Retrieving XML Column Data

In this example, a recordset is used to retrieve and display the data from an XML column in the SQL Server AdventureWorks sample database.

Dim con As New ADODB.Connection
Dim rst As New ADODB.Recordset
Dim sXMLResult As String

con.ConnectionString = "Provider=SQLNCLI11;" _
         & "Server=(local);" _
         & "Database=AdventureWorks;" _ 
         & "Integrated Security=SSPI;" _ 
         & "DataTypeCompatibility=80;"

con.Open

' Get the xml data as a recordset.
Set rst.ActiveConnection = con
rst.Source = "SELECT AdditionalContactInfo FROM Person.Contact " _
   & "WHERE AdditionalContactInfo IS NOT NULL"
rst.Open

' Display the data in the recordset.
While (Not rst.EOF)
   sXMLResult = rst.Fields("AdditionalContactInfo").Value
   Debug.Print (sXMLResult)
   rst.MoveNext
End While

con.Close
Set con = Nothing
Note Note

Recordset filtering is not supported with XML columns. If used, an error will be returned.

Retrieving UDT Column Data

In this example, a Command object is used to execute a SQL query that returns a UDT, the UDT data is updated, and then the new data is inserted back into the database. This example assumes that the Point UDT has already been registered in the database.

Dim con As New ADODB.Connection
Dim cmd As New ADODB.Command
Dim rst As New ADODB.Recordset
Dim strOldUDT As String
Dim strNewUDT As String
Dim aryTempUDT() As String
Dim strTempID As String
Dim i As Integer

con.ConnectionString = "Provider=SQLNCLI11;" _
         & "Server=(local);" _
         & "Database=AdventureWorks;" _ 
         & "Integrated Security=SSPI;" _
         & "DataTypeCompatibility=80;"

con.Open

' Get the UDT value.
Set cmd.ActiveConnection = con
cmd.CommandText = "SELECT ID, Pnt FROM dbo.Points.ToString()"
Set rst = cmd.Execute
strTempID = rst.Fields(0).Value
strOldUDT = rst.Fields(1).Value

' Do something with the UDT by adding i to each point.
arytempUDT = Split(strOldUDT, ",")
i = 3
strNewUDT = LTrim(Str(Int(aryTempUDT(0)) + i)) + "," + _
   LTrim(Str(Int(aryTempUDT(1)) + i))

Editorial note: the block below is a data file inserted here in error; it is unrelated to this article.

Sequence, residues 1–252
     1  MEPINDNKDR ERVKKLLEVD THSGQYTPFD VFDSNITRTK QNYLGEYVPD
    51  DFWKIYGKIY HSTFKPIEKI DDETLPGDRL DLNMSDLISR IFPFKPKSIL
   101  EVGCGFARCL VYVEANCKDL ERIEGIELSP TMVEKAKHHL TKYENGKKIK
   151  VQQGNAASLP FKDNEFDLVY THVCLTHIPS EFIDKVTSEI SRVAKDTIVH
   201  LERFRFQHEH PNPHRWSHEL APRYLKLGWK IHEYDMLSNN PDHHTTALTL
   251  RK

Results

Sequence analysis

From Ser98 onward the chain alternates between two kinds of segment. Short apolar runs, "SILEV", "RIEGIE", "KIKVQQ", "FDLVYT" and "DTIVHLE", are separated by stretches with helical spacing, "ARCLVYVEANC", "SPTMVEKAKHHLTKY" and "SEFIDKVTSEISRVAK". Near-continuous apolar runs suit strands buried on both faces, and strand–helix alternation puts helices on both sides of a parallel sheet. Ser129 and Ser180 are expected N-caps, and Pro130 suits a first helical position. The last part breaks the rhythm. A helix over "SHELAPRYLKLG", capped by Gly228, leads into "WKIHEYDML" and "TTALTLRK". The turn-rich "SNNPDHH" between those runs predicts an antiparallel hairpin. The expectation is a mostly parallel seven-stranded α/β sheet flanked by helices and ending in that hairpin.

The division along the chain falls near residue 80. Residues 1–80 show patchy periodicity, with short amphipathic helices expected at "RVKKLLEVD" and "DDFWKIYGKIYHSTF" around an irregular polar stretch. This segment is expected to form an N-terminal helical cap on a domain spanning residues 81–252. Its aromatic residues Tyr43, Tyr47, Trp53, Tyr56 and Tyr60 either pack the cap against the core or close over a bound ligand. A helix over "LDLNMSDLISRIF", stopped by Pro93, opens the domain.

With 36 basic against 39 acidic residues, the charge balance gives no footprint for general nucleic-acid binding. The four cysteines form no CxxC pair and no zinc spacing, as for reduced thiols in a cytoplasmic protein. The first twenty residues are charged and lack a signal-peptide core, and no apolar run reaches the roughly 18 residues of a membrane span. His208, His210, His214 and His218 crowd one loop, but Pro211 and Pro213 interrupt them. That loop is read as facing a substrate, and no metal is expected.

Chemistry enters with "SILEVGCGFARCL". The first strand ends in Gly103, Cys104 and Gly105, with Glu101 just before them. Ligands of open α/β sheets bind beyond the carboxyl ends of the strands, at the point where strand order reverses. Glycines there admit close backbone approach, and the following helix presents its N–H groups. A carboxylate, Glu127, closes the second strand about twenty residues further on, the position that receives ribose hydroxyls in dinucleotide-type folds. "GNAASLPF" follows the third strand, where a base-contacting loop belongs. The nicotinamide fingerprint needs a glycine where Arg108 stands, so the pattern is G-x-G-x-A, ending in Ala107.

' Insert the new value back into the database.
cmd.CommandText = "UPDATE dbo.Points SET Pnt = '" + strNewUDT + _
   "' WHERE ID = '" + strTempID + "'"
cmd.Execute

con.Close
Set con = Nothing

Enabling and Using MARS

In this example, the connection string is constructed to enable MARS through the SQL Server Native Client OLE DB provider, and then two recordset objects are created to execute using the same connection.

Dim con As New ADODB.Connection

con.ConnectionString = "Provider=SQLNCLI11;" _
         & "Server=(local);" _
         & "Database=AdventureWorks;" _ 
         & "Integrated Security=SSPI;" _
         & "DataTypeCompatibility=80;" _
         & "MARS Connection=True;"
con.Open

Dim recordset1 As New ADODB.Recordset
Dim recordset2 As New ADODB.Recordset

Dim recordsaffected As Integer
Set recordset1 =  con.Execute("SELECT * FROM Table1", recordsaffected, adCmdText)
Set recordset2 =  con.Execute("SELECT * FROM Table2", recordsaffected, adCmdText)

con.Close
Set con = Nothing

In prior versions of the OLE DB provider, this code would cause an implicit connection to be created on the second execution because only one active set of results could be opened per a single connection. Because the implicit connection was not pooled in the OLE DB connection pool this would cause additional overhead. With the MARS feature exposed by the SQL Server Native Client OLE DB provider, you get multiple active results on the one connection.